Like 5
    • IkeyHeyman

      Right on, Howard. I live in the foothills west of Denver and the 7 and sometimes 8 figure houses being built around here are simply mind boggling. Yes, these guys are driving up the price of classics – or else they go to a hot rod shop with an idea and an open checkbook for a custom build. Crazy times.

      Like 3
    • David Ulrey

      This isn’t about the car despite it being absolutely gorgeous. Colorado isn’t the only place the migration is happening. Here in Arizona it’s the same exact scenario you described. My biggest complaint is what is happening with housing costs whether you rent or buy. I hate to say it but if I didn’t already own my place for the last 10 years I wouldn’t be able to afford to live in my town anymore. But I certainly don’t blame the people leaving California because the cost of things is insane.

      Like 5
  4. Barney

    It is mentioned in the write up that it must be heart wrenching for the owner to part with the car. I think she’s going to be fine because at 70 G’s she won’t be parting with it after all

    Like 18
    • On and On On and On Member

      So true, Barney, my grandmother called it “Crying all the way to the bank”

      Like 6
  5. gbvette62

    Back around 1980 I picked up a similar 59 T-Bird. It too was bought new by a doctor and was black, but with a black and white interior. Mine had factory air and the Ford Cruise-O-Matic automatic trans, and about 40,000 miles on it. The car was spotless. It was never used by the doctor as a daily driver, had always been garaged, was rarely driven in the rain, and never in the snow. I sold it when my wife was pregnant and needed a “regular” car, since a car seat wasn’t going to work in her Corvette (I had more of an attachment to the Corvette, so much so that we still have it).

    This looks like a nice car, but $70,000 is just ridiculous for a Square Bird. I sold mine for $7500 at Hershey back in 85, which was actually a fair price at the time, but they’ve never really appreciated all that much in the years since.

    Like 8
    • DJS

      But that was 35 years ago so maybe 60 may not be a bad offer . I bought a one owner 65 mustang conv in 90 still have it for 6500 now worth 40,000 so they might get close to there price

      Like 1
  6. Fred W

    Can’t find any mention of the mileage on the car, which should be verifiable with one owner. Apparently these can sell north of 50K if the miles are low enough and they are original and perfect enough- but restored ones tend to go between 20 and 30. Hard to imagine- I remember looking over one in the 70’s in nice shape for a few hundred.

    Like 2
  7. Bob C.

    The 3 speed column shift caught me by surprise. And yellow valve covers? I thought that was a Studebaker thing.

    Like 2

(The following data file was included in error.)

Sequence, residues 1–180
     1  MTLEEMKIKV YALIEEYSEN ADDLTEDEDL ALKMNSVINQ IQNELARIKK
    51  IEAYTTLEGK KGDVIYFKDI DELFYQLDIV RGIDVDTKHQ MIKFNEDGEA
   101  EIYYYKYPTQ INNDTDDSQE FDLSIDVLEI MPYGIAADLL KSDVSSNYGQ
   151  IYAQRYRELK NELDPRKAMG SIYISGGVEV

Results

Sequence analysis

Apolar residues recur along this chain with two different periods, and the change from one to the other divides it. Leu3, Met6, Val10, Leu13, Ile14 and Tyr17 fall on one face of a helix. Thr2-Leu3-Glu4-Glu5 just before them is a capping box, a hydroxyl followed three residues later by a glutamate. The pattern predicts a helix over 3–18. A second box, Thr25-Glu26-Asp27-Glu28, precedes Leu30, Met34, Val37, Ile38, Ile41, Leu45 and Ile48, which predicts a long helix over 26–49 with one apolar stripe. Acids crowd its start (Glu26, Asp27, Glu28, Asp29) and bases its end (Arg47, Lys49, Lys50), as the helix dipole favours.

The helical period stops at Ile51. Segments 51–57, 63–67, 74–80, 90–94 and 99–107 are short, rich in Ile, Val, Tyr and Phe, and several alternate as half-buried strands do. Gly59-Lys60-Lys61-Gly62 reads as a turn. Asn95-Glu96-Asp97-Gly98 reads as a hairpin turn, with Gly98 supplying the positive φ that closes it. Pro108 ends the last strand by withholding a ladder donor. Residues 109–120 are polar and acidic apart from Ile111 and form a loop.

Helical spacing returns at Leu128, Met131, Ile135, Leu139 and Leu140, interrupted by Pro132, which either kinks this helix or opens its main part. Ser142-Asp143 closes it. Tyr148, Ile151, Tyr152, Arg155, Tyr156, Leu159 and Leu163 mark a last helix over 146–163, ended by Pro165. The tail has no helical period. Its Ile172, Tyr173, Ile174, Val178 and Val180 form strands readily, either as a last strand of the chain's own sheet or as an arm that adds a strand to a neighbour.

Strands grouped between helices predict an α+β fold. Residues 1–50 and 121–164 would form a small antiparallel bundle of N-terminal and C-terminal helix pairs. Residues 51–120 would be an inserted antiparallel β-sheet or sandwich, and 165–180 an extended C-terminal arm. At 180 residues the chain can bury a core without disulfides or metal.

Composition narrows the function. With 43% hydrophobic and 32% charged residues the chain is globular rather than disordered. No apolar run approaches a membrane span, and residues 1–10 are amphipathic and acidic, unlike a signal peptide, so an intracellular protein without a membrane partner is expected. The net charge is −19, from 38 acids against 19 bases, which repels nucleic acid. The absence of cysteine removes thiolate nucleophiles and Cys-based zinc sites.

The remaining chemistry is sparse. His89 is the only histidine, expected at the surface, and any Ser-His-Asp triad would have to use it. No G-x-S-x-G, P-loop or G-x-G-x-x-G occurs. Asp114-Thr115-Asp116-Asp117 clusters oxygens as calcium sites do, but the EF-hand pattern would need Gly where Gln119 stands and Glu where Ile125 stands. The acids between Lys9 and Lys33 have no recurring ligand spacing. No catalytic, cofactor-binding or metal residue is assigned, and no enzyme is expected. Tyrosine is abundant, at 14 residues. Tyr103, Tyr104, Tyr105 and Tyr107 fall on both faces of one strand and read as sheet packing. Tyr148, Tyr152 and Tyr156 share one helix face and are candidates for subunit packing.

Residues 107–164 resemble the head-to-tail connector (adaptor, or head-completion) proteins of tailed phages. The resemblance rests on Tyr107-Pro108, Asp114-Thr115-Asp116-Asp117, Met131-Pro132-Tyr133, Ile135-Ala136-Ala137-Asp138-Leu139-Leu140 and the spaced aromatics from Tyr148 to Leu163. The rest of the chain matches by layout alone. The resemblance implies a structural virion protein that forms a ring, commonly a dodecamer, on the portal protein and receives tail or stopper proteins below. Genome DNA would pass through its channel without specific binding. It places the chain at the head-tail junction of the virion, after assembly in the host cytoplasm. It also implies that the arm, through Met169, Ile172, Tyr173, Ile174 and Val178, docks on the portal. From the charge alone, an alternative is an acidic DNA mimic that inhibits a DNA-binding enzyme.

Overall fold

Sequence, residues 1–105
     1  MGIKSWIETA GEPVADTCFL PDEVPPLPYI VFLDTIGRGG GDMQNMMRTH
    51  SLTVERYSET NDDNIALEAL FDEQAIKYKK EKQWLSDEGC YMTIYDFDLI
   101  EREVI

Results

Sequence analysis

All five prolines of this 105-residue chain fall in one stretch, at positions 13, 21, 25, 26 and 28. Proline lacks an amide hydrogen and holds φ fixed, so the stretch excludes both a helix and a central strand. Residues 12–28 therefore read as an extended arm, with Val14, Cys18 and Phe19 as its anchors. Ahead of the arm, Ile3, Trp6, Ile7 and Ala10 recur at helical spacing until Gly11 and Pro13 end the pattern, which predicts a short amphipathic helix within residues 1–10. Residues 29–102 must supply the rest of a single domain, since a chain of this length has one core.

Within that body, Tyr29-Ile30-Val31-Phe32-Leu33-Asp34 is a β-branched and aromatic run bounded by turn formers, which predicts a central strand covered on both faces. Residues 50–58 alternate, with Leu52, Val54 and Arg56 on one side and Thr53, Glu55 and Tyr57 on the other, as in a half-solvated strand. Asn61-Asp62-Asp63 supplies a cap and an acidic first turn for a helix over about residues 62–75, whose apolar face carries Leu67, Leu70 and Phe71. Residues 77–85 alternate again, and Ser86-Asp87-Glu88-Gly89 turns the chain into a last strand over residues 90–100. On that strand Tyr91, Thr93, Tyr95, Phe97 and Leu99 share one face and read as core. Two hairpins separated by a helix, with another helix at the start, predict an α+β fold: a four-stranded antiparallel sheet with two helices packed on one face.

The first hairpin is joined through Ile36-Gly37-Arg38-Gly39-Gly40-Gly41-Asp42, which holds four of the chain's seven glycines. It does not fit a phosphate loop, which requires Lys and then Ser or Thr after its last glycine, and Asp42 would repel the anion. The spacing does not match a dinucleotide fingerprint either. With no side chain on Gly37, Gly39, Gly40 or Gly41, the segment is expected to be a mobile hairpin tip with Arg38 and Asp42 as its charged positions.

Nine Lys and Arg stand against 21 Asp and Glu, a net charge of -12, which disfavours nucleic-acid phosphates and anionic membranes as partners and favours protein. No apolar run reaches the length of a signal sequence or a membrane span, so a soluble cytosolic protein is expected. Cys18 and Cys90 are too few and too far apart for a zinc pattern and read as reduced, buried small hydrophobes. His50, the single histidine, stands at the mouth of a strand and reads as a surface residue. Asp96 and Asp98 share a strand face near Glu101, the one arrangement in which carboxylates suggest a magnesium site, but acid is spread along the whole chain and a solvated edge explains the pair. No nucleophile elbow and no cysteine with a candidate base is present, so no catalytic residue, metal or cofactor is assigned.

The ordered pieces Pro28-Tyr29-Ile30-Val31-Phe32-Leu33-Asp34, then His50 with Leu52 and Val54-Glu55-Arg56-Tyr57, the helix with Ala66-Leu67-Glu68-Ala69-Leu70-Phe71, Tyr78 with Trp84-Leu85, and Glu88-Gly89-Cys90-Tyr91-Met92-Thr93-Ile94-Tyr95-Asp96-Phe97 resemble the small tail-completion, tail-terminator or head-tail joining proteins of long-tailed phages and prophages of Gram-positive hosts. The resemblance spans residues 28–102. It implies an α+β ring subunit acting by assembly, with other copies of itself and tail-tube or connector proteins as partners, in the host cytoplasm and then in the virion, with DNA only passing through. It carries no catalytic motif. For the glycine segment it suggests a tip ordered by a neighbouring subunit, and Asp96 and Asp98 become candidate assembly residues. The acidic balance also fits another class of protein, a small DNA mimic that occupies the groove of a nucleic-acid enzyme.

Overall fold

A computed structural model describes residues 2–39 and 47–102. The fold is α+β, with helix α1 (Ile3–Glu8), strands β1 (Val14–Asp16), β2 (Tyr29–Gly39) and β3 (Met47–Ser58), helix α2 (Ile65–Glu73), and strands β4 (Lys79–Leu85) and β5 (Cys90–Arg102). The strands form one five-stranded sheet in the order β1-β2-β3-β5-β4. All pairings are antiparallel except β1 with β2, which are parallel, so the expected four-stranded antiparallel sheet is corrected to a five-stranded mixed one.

• gbvette62

      The yellow valve covers are correct for a 60 T-Bird 352.

      The 58 352’s had black valve covers and engines. 59’s had bright blue valve covers on a black engine, and 60’s had yellow valve covers. The optional 430 engine was all black.

      Like 3
      • Bob C.

        Thank you gbvette62, education is always good. The 430 was a good engine too. Borrowed from Lincoln (MEL).

        Like 1
  8. bob

    Ford brought back the same dash pad design for the 69-70 Mustangs. Always liked the pod design they used.

    Like 1
  9. Ken Cwrney

    A friend of mine named Curt had one in
    High School. His was white with the red
    leather interior AND a sunroof too. It had
    107K miles on it then and ran like a swiss
    watch! As for this car, you can tell she’s
    still attatched to it and doesn’t really want to sell it, the outrageous price gives
    it away. Still a nice ride though.

    Like 1
  10. dave brennan

    black on black w roll ups and no air!! Let me get my checkbook ( remember those?).NOT!!!

    Like 3
  11. dave brennan

    black on black w roll ups and no air!! Let me get my checkbook NOT!!! remember those?). Had 58,59,and60 w 430, all w AC and windows , never paid over $300 in those days! Pure dream money at 70.

    Like 4
  12. 86_Vette_Convertible

    I like it, but not $70K worth of like.

    Like 3
  13. J_Paul Member

    Nice car, but $70,000 is such bananas pricing that I’m surprised it doesn’t have a Chiquita sponsorship.

    Like 4
  14. Pete Phillips

    $70,000??? Did I miss something? Is it gold-plated?

    Like 4
  15. Johnmloghry Johnmloghry Member

    Had a chance to buy one of these one time for $75.00. Needed a left front wheel bearing. I passed on it as I had my hands full with personal issues.
    God bless America

  16. That Guy

    That’s the “Yes, honey, I am trying to sell the car” price.

    Like 6
  17. bigdoc

    Beautiful car but not $70,000 beautiful

  18. TimM

    Nice car but if I’m going to dump 70 large on a car I’m NOT going to buy a 60 T-bird!! I think this is the I don’t want to sell it price!!!

    Like 1
  19. Mike

    Usually I would post here and say I can’t remember the last time I saw one of these in person, but I did spot one in a McDonald’s parking lot last sunday. It was like an alien spaceship in a sea of cookie cutter SUVs.

    Like 3
  20. Jetfire88

    The dash pad looks like a repro replacement. The ugly yellow foam that Ford used in the day gave out real quick, and the vinyl just seemed to melt. The leather seats usually held up pretty good, and these look original.

  21. Bob McK Member

    This is a really nice $20,000 car. The family just tacked on $50K in sentimental value.

    Like 2
  22. Miguel

    These were the most unpopular birds to up to this time. The ’55 – ’57 were vastly popular and the cars after this the ’61 – ’63 were really popular too, but these didn’t have much of a following.

    Has a square bird ever sold for this much with a hard roof and being a base model car with no options?

  23. George

    I think they added an extra ‘0’ by mistake perhaps. $7,000?

    Even for the mention concourse price this car would have to be authenticated as such by an authorized party.